Turkey4 November 2003
More than 300 generals sue Islamist newspaper
Reporters Without Borders today called on the Turkish armed forces to show more respect for press freedom after 312 generals on 31 October filed suit against the Islamist daily Vakit and one of its columnists, Asim Yenihaber, demanding 367,000 euros in damages for an article headlined, "The country where a soldier who shouldn’t be a sergeant becomes a general."
In a letter to justice minister Cemil Cicek, Reporters Without Borders secretary-general Robert Ménard described the sum as "exorbitant" and as "a death warrant for the newspaper." If Vakit were made to pay this amount, "the army would have achieved its goal of silencing all press criticism."
Ménard added: "As Turkey is a candidate to join the European Union, we would have hoped the army would show more respect for press freedom, but once again we have proof that it is far from assimilating the basic principles of democracy."
The plaintiffs include army commander Aytaç Yalman, air force commander Ibrahim Firtina, navy commander Ozden Ornek and gendarmerie commander Sener Eruygur. In their libel suit, filed with a higher court in Ankara, they said the article was likely to arouse "feelings of hate and contempt towards officers with the rank of general and degrade the Turkish armed forces in the eyes of society." Describing it as a reflection of Yenihaber’s "mental and psychological disturbance," they added that "no one has the right to offend and humiliate generals."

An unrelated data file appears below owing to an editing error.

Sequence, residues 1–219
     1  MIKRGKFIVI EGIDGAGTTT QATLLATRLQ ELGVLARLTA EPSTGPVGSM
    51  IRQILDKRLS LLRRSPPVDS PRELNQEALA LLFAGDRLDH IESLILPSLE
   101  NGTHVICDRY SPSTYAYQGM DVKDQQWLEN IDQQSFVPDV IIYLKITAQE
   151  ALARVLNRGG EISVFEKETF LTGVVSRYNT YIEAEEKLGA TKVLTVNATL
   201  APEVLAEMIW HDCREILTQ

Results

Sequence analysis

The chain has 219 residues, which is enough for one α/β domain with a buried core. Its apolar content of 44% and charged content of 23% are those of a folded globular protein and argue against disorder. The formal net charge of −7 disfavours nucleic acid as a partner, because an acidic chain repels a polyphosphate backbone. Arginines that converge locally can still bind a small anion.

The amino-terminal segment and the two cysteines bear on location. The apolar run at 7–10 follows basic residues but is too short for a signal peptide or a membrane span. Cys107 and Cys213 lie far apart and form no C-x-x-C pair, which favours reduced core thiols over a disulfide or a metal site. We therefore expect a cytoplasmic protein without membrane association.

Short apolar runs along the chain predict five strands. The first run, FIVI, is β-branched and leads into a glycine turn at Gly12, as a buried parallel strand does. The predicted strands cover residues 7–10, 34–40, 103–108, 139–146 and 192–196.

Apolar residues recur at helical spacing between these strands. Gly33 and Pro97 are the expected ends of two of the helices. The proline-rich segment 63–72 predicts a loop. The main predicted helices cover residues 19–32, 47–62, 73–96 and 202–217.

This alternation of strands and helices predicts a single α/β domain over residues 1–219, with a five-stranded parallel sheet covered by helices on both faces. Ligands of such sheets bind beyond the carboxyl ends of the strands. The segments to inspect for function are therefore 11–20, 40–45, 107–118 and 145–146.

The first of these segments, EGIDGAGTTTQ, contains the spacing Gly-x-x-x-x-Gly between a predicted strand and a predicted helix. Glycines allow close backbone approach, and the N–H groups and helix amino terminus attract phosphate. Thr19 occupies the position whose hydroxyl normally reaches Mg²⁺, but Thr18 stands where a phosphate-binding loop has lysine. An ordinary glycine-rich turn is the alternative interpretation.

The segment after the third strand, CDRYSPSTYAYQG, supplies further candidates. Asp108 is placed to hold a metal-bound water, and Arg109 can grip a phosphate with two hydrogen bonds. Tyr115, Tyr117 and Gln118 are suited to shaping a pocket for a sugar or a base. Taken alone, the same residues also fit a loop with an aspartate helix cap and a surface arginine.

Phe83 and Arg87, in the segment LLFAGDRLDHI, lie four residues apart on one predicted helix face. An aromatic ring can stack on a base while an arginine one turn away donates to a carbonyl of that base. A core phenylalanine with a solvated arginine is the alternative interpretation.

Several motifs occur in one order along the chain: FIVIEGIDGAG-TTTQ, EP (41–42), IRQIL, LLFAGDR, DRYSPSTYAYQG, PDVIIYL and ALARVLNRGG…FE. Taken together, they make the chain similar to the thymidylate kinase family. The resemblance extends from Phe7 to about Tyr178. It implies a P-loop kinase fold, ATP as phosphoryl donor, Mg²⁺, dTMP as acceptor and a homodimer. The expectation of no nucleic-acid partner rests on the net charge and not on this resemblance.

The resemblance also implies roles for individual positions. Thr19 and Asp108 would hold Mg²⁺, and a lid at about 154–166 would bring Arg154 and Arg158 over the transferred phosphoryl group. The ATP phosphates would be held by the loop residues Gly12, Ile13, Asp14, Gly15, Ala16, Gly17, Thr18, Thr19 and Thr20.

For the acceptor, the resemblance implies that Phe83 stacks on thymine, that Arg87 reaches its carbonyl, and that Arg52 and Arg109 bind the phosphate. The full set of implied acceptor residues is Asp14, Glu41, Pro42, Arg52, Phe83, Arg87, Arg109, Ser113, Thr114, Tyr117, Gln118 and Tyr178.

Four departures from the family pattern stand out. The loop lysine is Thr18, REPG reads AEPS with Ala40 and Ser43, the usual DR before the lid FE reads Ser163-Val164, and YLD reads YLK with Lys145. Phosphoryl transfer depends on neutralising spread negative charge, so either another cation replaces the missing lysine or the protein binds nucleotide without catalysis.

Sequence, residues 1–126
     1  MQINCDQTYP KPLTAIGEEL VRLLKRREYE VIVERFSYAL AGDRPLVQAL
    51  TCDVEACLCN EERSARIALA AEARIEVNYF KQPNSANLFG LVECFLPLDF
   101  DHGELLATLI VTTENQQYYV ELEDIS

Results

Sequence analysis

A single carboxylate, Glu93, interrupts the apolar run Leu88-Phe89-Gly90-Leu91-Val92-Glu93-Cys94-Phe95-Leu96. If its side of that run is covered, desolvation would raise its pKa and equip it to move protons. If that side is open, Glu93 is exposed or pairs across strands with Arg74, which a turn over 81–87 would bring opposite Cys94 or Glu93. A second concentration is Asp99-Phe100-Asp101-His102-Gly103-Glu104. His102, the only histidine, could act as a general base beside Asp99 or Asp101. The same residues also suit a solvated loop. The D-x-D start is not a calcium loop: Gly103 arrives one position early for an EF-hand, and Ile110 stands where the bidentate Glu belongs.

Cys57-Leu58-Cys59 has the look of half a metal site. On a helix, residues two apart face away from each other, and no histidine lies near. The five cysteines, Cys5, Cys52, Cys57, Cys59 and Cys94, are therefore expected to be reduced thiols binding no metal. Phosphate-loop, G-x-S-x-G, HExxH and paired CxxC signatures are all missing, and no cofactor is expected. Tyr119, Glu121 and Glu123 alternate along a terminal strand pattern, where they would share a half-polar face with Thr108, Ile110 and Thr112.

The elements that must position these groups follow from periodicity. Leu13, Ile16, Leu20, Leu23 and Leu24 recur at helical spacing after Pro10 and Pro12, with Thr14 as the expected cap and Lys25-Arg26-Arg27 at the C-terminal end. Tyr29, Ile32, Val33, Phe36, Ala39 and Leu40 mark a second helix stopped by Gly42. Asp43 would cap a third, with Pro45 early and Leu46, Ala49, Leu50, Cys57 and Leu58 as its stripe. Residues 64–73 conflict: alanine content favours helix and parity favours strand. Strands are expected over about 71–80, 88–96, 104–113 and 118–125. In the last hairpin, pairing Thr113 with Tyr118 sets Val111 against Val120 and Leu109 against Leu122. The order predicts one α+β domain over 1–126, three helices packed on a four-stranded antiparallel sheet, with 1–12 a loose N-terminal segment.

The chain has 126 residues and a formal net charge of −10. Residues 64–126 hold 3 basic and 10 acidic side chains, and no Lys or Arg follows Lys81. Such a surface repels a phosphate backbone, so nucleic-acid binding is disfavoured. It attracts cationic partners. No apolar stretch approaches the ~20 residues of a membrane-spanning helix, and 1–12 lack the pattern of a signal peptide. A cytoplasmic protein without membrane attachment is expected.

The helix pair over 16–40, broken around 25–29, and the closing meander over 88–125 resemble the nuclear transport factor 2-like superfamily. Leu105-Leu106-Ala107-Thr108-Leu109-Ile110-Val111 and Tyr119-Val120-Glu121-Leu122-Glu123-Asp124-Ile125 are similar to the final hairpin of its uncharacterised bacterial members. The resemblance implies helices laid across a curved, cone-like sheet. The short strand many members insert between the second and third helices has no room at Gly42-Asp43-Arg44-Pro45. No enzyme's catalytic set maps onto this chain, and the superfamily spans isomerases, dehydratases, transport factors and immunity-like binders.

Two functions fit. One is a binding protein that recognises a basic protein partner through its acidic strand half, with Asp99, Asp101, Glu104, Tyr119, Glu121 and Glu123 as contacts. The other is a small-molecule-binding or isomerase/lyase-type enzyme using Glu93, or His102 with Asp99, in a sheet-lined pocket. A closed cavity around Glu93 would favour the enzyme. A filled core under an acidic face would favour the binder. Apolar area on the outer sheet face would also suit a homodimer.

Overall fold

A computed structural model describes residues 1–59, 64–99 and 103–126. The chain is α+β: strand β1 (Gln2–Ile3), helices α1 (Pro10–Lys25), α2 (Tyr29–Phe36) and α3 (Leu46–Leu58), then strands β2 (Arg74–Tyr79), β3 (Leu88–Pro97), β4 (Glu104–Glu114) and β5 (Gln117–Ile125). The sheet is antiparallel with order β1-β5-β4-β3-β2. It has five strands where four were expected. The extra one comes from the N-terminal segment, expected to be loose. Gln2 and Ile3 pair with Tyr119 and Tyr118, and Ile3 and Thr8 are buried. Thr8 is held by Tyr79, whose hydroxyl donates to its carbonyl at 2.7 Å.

In his column, published on 25 August, Yenihaber said: "Nothing indicates that these are generals aside from the stars on their shoulders (...) There is no place for them either in the army or in the country." Vakit has often lambasted the armed forces and the officer corps. His editors said his economic survival is now directly threatened by this libel suit.
Press freedom is still subject to many restrictions in Turkey, despite the democratic reforms it has adopted with a view to joining the European Union. Journalists who dare to criticise state institutions or broach taboo topics such as the Kurdish problem or the army’s meddling in politics are censored and are the target of abusive lawsuits, with heavy fines. At least four journalists are currently in prison for the views they have expressed in the course of their work.